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Preventing early infant sleep and crying problems and postnatal depression: a randomized trial

Hiscock, Harriet, Cook, Fallon, Bayer, Jordana, Le, Ha, Mensah, Fiona, Cann, Warren, Symon, Brian and St James-Roberts, Ian 2014, Preventing early infant sleep and crying problems and postnatal depression: a randomized trial, Pediatrics, vol. 133, no. 2, pp. e346-e354, doi: 10.1542/peds.2013-1886.

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Title Preventing early infant sleep and crying problems and postnatal depression: a randomized trial
Author(s) Hiscock, Harriet
Cook, Fallon
Bayer, Jordana
Le, Ha
Mensah, Fiona
Cann, Warren
Symon, Brian
St James-Roberts, Ian
Journal name Pediatrics
Volume number 133
Issue number 2
Start page e346
End page e354
Total pages 9
Publisher American Academy for Pediatrics
Place of publication Elk Grove Village, Ill.
Publication date 2014
ISSN 0031-4005
1098-4275
Keyword(s) Infant
Sleep
Colic
Postpartum depression
Randomized controlled trial
Summary Objective
To evaluate a prevention program for infant sleep and cry problems and postnatal depression.

Methods
Randomized controlled trial with 781 infants born at 32 weeks or later in 42 well-child centers, Melbourne, Australia. Follow-up occurred at infant age 4 and 6 months. The intervention including supplying information about normal infant sleep and cry patterns, settling techniques, medical causes of crying and parent self-care, delivered via booklet and DVD (at infant age 4 weeks), telephone consultation (8 weeks), and parent group (13 weeks) versus well-child care. Outcomes included caregiver-reported infant night sleep problem (primary outcome), infant daytime sleep, cry and feeding problems, crying and sleep duration, caregiver depression symptoms, attendance at night wakings, and formula changes.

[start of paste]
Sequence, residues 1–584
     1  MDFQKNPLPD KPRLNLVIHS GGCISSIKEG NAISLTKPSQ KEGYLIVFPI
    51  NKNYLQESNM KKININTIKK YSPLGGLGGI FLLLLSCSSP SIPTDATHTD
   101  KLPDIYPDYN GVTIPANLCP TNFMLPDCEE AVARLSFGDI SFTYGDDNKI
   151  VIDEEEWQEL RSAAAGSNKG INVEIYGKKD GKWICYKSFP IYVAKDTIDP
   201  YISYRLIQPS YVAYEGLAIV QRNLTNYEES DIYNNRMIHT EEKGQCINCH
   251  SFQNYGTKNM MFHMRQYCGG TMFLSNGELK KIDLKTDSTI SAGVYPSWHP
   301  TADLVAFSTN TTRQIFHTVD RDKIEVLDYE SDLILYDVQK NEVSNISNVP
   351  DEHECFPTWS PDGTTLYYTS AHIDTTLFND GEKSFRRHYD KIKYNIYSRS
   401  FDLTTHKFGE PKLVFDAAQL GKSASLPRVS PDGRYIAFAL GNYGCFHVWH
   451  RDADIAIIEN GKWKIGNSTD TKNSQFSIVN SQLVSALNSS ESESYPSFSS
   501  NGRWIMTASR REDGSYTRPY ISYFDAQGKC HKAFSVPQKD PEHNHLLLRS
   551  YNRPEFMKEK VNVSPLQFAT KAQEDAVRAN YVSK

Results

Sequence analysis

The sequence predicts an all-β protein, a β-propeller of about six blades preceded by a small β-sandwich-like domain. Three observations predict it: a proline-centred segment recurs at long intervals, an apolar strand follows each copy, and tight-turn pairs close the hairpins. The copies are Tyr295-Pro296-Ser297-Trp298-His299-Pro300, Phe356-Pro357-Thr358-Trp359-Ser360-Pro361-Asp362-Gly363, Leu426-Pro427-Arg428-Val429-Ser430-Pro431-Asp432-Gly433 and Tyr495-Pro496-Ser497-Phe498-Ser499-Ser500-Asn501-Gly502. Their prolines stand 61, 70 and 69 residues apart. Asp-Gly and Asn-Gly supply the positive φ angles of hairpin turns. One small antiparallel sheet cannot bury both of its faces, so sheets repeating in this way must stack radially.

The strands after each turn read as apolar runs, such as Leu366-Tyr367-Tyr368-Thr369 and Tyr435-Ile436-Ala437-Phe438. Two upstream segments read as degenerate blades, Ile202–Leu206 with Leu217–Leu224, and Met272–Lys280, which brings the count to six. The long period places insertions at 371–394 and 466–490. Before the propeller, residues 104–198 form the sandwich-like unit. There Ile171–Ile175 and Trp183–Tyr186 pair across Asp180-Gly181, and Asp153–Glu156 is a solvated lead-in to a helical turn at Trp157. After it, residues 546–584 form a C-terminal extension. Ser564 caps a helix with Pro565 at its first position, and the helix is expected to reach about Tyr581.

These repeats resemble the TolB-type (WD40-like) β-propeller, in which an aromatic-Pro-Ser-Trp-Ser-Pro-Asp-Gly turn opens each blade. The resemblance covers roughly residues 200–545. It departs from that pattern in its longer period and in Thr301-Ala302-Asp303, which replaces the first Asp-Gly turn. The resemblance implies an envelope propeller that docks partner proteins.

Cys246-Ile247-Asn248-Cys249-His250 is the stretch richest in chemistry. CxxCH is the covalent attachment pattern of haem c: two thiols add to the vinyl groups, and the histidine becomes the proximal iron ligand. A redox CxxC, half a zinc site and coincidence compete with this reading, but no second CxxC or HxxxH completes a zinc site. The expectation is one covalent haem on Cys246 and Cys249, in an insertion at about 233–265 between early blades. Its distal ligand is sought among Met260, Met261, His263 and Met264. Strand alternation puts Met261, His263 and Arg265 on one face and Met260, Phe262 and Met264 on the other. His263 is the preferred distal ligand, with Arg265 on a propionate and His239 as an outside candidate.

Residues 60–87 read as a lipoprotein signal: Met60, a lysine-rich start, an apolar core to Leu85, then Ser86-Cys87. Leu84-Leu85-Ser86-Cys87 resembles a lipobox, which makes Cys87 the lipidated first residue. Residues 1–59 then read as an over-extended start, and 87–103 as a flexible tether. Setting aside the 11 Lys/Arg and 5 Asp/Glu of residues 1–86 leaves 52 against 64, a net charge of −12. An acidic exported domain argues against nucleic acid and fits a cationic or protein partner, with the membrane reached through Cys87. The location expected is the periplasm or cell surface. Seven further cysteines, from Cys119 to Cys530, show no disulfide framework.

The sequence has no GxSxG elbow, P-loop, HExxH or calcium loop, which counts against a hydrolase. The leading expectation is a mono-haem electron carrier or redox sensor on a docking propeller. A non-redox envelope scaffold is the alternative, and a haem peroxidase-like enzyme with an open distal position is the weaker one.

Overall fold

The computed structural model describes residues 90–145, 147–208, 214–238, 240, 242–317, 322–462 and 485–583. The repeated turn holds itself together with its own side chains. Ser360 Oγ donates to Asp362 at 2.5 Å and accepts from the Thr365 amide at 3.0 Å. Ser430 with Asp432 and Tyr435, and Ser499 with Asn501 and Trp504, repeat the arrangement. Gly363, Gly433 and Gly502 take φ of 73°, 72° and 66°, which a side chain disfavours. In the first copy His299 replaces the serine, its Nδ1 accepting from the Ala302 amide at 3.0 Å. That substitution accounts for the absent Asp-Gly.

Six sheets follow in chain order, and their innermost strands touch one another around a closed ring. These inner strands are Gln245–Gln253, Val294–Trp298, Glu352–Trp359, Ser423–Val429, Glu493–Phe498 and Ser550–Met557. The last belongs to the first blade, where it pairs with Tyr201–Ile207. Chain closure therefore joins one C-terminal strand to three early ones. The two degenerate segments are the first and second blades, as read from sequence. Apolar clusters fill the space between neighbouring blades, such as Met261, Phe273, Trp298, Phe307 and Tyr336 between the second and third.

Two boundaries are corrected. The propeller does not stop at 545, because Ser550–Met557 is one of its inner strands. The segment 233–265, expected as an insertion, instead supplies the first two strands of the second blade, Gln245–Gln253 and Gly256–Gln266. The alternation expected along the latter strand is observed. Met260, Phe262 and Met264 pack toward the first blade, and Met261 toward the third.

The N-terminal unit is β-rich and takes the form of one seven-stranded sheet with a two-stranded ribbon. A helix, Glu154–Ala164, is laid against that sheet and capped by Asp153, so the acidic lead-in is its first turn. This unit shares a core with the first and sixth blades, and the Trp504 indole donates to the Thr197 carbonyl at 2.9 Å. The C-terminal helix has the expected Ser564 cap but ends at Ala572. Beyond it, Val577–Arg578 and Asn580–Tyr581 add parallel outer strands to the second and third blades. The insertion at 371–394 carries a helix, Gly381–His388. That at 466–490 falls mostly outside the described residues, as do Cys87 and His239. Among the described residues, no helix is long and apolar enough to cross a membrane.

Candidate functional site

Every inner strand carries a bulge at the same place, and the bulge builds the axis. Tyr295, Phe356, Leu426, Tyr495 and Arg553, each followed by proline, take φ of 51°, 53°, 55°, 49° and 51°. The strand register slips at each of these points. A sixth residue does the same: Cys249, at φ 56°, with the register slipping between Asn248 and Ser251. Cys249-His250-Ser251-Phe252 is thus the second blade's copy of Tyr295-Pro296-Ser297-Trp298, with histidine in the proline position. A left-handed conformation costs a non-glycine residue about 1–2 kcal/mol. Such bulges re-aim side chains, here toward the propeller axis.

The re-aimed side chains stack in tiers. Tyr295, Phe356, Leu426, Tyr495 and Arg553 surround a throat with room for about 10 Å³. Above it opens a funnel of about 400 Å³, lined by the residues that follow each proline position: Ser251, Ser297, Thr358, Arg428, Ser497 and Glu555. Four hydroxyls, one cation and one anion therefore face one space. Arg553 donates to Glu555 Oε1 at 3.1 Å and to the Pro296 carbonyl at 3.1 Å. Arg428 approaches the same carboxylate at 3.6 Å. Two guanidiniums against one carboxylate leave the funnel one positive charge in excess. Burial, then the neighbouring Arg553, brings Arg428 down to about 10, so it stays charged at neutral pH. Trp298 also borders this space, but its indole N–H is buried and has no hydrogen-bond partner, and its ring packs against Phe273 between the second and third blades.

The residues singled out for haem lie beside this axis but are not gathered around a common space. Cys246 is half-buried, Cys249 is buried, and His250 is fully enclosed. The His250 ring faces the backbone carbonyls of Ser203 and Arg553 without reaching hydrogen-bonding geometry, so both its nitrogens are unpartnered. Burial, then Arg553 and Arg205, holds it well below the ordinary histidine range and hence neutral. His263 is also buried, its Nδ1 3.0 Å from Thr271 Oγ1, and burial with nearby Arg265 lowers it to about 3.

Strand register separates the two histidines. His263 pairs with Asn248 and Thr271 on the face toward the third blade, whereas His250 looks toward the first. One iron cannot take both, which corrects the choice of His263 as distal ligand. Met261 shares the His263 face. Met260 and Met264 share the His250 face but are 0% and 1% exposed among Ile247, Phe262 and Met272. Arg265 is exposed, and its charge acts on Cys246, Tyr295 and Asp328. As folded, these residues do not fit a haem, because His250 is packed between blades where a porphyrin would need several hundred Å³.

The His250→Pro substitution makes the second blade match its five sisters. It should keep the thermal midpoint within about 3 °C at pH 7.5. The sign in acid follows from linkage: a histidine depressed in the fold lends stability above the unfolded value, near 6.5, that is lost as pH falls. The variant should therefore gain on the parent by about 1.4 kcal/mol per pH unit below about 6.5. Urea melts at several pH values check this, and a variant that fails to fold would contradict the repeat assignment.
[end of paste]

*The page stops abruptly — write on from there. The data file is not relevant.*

Results
Infant outcomes were similar between groups. Relative to control caregivers, intervention caregivers at 6 months were less likely to score >9 on the Edinburgh Postnatal Depression Scale (7.9%, vs 12.9%, adjusted odds ratio [OR] 0.57, 95% confidence interval [CI] 0.34 to 0.94), spend >20 minutes attending infant wakings (41% vs 51%, adjusted OR 0.66, 95% CI 0.46 to 0.95), or change formula (13% vs 23%, P < .05). Infant frequent feeders (>11 feeds/24 hours) in the intervention group were less likely to have daytime sleep (OR 0.13, 95% CI 0.03 to 0.54) or cry problems (OR 0.27, 95% CI 0.08 to 0.86) at 4 months.

Conclusions
An education program reduces postnatal depression symptoms, as well as sleep and cry problems in infants who are frequent feeders. The program may be best targeted to frequent feeders.
Language eng
DOI 10.1542/peds.2013-1886
Field of Research 111403 Paediatrics
Socio Economic Objective 929999 Health not elsewhere classified
HERDC Research category C1 Refereed article in a scholarly journal
Persistent URL http://hdl.handle.net/10536/DRO/DU:30062145

Document type: Journal Article
Collection: Population Health
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Created: Mon, 31 Mar 2014, 12:07:07 EST by Penny Andrews

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